The first stop on our itinerary is the beautiful Museum of Ancient Ships (opened in June 2019) housed in the Medici Arsenals: 800 exhibits displayed in 8 sections with the findings of 1998 during the renovations of Pisa San Rossore station. A large excavation site was opened, which returned about thirty boats from the Roman era and thousands of ceramic fragments, glass, metals and elements organic material. The boats were perfectly preserved, thanks to the complete lack of oxygen and the presence of underground aquifers, thus saving the usually perishable materials, as well as a large number of vases and amphorae. The exceptional discovery made Pisa speak as a “Pompei of the sea“.
The second stage touches the Royal Palace, built in the century. XVI from Francesco I de ‘Medici, who wanted a winter office in Pisa for the Medici court. Among his guests, also Galileo Galilei, who seems to have shown here with his telescope the firmament to the Grand Dukes. Passed to the Lorraines, the palace took the name of “Reale” when it became the residence of the Savoys.
It is currently the headquarters of the Superintendency. In the noble rooms on the first floor, it houses the National Museum, which documents the wealth of the three dominant dynasties of Medici, Lorraine and Savoy: paintings, portraits, furnishings, tapestries, armor. Of particular importance is the collection of ancient weapons of the Gioco del Ponte (bridge game), which takes place in Pisa on the last Saturday of June.
Third stop is the National Museum of San Matteo: the most important museum of painting and sculpture in Pisa. It boasts the splendid collection of illuminated manuscripts (XII-XIV century) and sculpture from the Middle Ages to the 16th century, among which the masterpieces of Nicola Pisano and Donatello stand out. Significant collections of wood and painting sculpture: the latter includes more than 200 works created between the early twelfth century and the modern age by important artists including Giunta Pisano, Berlinghiero, Simone Martini and Masaccio. The value of these works leads more and more scholars to recognize that the Pisan was the greatest Italian pictorial school until the sec. XIII.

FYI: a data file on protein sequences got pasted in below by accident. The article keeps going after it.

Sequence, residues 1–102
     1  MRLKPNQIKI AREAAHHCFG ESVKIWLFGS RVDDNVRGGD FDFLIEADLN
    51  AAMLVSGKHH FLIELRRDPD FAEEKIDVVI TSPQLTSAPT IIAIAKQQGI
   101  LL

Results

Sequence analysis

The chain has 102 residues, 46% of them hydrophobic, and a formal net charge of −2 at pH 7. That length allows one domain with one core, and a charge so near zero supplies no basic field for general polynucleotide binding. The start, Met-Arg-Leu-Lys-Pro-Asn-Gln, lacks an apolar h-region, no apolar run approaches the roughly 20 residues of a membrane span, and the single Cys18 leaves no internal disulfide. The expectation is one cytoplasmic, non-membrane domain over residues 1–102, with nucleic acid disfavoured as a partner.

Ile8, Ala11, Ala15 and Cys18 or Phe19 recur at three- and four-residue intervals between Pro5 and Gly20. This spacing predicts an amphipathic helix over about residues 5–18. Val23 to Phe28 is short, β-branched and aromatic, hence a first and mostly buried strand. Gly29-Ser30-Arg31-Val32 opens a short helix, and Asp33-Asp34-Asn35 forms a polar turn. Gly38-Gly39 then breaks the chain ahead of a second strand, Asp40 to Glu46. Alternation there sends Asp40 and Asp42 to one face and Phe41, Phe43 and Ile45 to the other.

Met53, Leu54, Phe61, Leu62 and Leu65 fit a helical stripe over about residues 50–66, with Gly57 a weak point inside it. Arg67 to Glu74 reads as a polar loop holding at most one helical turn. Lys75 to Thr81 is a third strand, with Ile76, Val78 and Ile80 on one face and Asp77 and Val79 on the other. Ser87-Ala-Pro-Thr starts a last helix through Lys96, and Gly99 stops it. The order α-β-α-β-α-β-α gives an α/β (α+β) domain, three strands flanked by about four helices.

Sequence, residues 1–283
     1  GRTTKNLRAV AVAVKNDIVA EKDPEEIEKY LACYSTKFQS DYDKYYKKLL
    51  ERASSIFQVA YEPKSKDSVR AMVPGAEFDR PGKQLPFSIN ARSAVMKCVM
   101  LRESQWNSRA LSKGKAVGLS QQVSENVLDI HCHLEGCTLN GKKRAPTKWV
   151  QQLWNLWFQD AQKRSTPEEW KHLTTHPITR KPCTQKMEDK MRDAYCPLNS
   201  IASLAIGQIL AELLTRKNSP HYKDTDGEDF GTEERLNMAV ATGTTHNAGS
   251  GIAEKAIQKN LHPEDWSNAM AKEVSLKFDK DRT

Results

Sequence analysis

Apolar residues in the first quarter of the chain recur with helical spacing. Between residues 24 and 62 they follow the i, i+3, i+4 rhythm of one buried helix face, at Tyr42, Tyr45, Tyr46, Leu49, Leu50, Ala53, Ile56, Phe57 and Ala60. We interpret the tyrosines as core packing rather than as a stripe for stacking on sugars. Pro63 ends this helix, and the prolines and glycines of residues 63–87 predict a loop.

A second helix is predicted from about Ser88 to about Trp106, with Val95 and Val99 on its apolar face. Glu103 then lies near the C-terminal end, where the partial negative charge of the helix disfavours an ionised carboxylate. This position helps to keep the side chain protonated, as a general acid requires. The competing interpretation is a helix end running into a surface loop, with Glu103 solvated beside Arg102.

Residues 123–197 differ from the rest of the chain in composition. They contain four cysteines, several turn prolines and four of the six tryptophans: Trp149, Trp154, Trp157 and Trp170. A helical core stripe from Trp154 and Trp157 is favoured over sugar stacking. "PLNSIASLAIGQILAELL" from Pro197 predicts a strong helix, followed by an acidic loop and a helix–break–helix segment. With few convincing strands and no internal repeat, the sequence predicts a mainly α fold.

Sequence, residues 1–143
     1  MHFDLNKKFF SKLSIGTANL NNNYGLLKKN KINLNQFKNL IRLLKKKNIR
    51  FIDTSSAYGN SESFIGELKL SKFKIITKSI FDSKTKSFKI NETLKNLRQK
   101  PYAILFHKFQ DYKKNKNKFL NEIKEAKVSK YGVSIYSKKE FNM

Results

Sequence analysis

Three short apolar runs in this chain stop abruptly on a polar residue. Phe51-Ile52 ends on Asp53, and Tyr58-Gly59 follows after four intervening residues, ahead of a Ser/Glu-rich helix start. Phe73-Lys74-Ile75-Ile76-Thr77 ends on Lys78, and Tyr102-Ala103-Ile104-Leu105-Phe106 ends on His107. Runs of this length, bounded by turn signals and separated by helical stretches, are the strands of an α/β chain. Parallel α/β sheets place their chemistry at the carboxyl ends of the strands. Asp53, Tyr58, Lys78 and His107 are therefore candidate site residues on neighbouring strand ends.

Crossing the Arno, we arrive at Palazzo Lanfranchi, named after the noble Pisan family, inside which medieval structures and decorations are still visible. The palace is home to the Graphics Museum, which houses over a thousand pieces of the Timpanaro Collection, one of the most important public collections of contemporary graphics, as well as donations from great Italian artists. The Museum is also an exhibition venue for temporary exhibitions.
Beyond the Ponte di Mezzo, the last stop on the itinerary: Palazzo Blu, an ancient palace of the Pisan nobility, inside which are exhibited artistic masterpieces owned by the Pisa Foundation, including the Simoneschi Collection, which includes works by the Pisan artist Giuseppe Viviani. The rooms are furnished in eighteenth-century style, with period furniture and furnishings. Palazzo Blu has now established itself as the city headquarters of the most important temporary exhibitions. In particular, the one held in autumn, which has become a high-profile event, national and not only.
The itinerary would end here .. However, Pisa still has some surprises, all to be discovered. We therefore ask you for a little more effort.
A little farther on, the Church of Santa Maria della Spina will not go unnoticed: cusps, tympanums, tabernacles, inlays, rosettes and statues of Pisan masters from the 14th century make it an extraordinary example of Pisan Gothic, with a rectangular plan and polychrome marble cladding. Nearby, the Church of San Paolo in Ripa dʻArno, known as the Duomo Vecchio, among the masterpieces of the Pisan Romanesque, to which the faculty of worship and public functions was granted during the construction of the Cathedral.